Hackneys

carthorse

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Does anyone have first hand experience of them? Please don't bother referring me to internet links etc, I'm quite capable of finding them for myself!

I'm curious since it turns out Luka is a quarter Hackney and his breeder said that's partly why he's so very sensitive - I'd put it down to the Welsh Cob half, but maybe he's got it coming from all sides! Don't get me wrong, he's a terribly sweet and kind lad who tries hard, but things that most horses on the yard barely register will turn him into a shaking mess and the only type of handling he responds well to is very calm and patient.

Physically it's produced a nice looking horse who is jaw dropping when he gets moving. I'm not sure some of the dropped jaws are out of jealousy though, I've seen some pretty horrified faces and rapid backing away when he's had a dancing session 🤣
 

Jane&Ziggy

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I knew a horse when I was a teenager who was half Hackney, half traveller cob/traditional. He was amazingly good looking, minimally marked coloured (my favourite) and with the most incredible action in every gait, toe flicking, knee lifting, high stepping, you name it.

I didn't ride him, he was a grown up's horse, but apparently he was difficult because he had both the imperturbable traditional temperament and what his owner used to call "that ridiculous Hackney". When the Hackney was in charge he would snort and spook at nothing, dance on the spot and do airs above the ground. When the Traditional was winning nothing bothered him. It was a toss up what you were going to get!
 

chunky monkey

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Im not familiar with them but an old acquaintance use to break them for driving. I believe he breed them too.

I seem to recall him saying they are very quick and you do need skill with them.
 

carthorse

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@Jane&Ziggy and @chunky monkey a lot of that sounds very familiar, and while he's only a quarter Hackney I suspect the Welsh Cob half is perfectly adequate compensation in the ridiculous stakes :rolleyes: 🤣 . The action is truly amazing, even when relaxed it's eyecatching and at other times it's out of this world. He's definitely not a horse for a child, novice or nervous rider - he's what the friend who put me in touch with him calls a horseman's horse. He'll try his heart out to please even when worried, but he's very quick to light up and want a lot of reassurance that it really truly is safe and will be ok.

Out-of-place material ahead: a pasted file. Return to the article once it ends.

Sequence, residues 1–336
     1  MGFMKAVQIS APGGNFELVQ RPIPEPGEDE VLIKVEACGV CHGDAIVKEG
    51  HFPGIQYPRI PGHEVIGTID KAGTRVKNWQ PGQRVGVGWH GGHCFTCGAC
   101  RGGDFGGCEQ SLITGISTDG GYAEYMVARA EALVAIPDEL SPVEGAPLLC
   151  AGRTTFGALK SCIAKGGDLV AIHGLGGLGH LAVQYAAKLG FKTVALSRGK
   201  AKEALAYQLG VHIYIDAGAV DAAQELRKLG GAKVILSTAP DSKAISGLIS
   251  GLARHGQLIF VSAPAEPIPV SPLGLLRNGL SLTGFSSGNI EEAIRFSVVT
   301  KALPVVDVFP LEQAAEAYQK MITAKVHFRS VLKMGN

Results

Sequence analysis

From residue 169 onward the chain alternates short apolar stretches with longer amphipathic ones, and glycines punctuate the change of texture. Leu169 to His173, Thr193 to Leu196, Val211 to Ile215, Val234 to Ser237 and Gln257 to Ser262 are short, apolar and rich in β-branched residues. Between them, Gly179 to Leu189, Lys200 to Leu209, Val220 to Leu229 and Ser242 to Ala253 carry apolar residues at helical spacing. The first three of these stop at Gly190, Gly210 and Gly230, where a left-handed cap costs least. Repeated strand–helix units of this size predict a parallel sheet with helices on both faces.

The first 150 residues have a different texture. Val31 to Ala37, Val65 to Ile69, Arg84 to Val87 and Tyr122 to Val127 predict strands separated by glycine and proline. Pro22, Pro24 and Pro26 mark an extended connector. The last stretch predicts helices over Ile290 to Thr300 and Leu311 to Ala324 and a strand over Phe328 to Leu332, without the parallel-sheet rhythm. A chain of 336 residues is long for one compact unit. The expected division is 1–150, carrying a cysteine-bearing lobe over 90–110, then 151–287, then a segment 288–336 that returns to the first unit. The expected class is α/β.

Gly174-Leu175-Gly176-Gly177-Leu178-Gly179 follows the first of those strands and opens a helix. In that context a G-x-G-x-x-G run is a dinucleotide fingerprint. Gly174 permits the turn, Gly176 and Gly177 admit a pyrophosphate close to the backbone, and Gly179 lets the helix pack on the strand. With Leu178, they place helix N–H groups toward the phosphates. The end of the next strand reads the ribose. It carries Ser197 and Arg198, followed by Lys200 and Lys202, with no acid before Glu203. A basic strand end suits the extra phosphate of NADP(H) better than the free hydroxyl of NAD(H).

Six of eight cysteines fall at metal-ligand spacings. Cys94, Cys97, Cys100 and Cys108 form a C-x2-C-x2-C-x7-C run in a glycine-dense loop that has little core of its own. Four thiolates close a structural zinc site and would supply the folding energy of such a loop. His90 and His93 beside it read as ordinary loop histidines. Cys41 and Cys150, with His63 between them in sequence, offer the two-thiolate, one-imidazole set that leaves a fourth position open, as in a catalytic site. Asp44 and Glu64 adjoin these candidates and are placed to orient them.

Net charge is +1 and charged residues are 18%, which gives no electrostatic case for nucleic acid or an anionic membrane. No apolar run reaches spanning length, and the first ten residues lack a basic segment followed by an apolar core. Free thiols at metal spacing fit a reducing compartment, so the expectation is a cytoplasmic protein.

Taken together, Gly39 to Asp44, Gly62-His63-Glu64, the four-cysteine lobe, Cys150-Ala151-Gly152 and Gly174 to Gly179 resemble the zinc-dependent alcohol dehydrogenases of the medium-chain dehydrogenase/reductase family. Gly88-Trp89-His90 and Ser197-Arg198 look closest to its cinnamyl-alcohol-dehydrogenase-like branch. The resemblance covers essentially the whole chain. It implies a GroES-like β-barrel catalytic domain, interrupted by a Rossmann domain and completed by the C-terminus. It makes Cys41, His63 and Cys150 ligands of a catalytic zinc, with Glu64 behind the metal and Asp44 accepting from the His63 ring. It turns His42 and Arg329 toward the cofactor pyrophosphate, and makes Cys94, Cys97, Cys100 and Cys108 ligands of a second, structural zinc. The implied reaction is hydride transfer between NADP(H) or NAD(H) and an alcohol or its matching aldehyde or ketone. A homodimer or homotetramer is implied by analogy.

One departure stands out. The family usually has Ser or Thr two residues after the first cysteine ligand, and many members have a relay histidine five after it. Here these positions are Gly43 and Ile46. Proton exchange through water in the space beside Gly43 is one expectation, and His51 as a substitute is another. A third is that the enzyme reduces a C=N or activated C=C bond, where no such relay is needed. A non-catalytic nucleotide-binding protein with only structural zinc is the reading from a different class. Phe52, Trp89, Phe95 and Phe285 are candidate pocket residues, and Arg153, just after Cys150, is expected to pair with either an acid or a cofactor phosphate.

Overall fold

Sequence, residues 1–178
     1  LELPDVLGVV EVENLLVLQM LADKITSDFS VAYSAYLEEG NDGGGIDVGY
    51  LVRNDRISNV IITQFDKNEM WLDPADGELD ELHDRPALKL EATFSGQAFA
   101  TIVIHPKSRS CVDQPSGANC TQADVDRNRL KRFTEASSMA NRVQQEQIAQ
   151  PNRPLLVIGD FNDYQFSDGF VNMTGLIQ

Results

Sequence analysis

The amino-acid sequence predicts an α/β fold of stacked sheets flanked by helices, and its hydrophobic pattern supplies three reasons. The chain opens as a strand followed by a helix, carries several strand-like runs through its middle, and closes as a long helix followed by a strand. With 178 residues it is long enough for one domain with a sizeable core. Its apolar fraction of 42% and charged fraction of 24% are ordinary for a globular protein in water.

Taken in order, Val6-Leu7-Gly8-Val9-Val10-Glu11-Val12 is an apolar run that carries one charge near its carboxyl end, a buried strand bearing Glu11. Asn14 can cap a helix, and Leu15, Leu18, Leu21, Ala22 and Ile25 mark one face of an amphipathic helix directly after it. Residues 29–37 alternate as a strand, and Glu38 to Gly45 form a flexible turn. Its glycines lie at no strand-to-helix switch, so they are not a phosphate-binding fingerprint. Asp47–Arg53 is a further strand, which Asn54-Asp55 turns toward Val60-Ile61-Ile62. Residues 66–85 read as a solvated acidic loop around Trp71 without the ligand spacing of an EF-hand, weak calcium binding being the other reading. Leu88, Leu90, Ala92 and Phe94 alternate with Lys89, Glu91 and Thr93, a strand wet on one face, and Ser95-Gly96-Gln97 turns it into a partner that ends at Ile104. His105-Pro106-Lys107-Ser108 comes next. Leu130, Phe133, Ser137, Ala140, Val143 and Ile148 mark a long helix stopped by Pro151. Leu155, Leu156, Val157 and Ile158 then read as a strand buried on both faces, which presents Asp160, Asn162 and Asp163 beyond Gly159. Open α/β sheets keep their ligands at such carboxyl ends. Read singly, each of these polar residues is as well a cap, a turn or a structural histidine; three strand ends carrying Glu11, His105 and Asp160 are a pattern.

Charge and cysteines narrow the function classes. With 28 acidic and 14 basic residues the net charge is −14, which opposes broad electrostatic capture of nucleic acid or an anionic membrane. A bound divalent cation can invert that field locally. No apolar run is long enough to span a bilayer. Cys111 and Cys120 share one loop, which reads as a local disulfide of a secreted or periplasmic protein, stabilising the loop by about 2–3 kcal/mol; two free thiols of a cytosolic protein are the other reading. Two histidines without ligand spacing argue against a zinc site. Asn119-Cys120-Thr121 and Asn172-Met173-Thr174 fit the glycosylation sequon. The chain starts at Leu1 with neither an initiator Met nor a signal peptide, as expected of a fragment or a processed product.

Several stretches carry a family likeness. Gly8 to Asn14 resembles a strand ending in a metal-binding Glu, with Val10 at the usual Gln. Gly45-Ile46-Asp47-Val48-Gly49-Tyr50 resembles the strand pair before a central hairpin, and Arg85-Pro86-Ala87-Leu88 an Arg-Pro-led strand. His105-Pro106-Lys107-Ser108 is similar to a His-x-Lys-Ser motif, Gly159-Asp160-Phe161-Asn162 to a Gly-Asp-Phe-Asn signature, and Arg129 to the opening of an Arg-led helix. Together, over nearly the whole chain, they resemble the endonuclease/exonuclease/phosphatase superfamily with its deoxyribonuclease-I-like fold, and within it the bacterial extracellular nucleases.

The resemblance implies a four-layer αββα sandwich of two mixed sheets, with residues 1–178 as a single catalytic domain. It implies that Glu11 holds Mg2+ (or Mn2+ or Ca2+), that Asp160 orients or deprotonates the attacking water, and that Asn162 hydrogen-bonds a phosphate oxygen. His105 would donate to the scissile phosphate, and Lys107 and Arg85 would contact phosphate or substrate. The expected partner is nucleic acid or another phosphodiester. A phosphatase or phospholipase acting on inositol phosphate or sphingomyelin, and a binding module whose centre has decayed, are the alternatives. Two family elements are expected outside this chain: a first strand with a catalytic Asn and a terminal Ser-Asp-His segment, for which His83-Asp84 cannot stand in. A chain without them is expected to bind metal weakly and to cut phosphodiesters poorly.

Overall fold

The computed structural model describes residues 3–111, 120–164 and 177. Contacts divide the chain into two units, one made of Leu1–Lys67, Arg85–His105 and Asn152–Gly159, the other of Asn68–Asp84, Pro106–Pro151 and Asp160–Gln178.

Reading your replies, plus talking to the breeder and looking up Hackneys makes me glad I did find out a bit more about his breeding, and indeed his background. Thank you :)
 
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Jessey

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I’ve only had limited contact with them but they remind me a lot of Arabs, lots of snort, blow and flashiness but very gentle beneath it all. I guess they were bred for exactly that, they look good when they’re all het up!
 
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carthorse

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@Jessey that's the thing, he really is a very gentle soul underneath it all, but I think at his last home he was taken at face value. Forget putting him in his place, all he really wants is gentle touches and scratches, someone to be there so he can bluster in safety.
 
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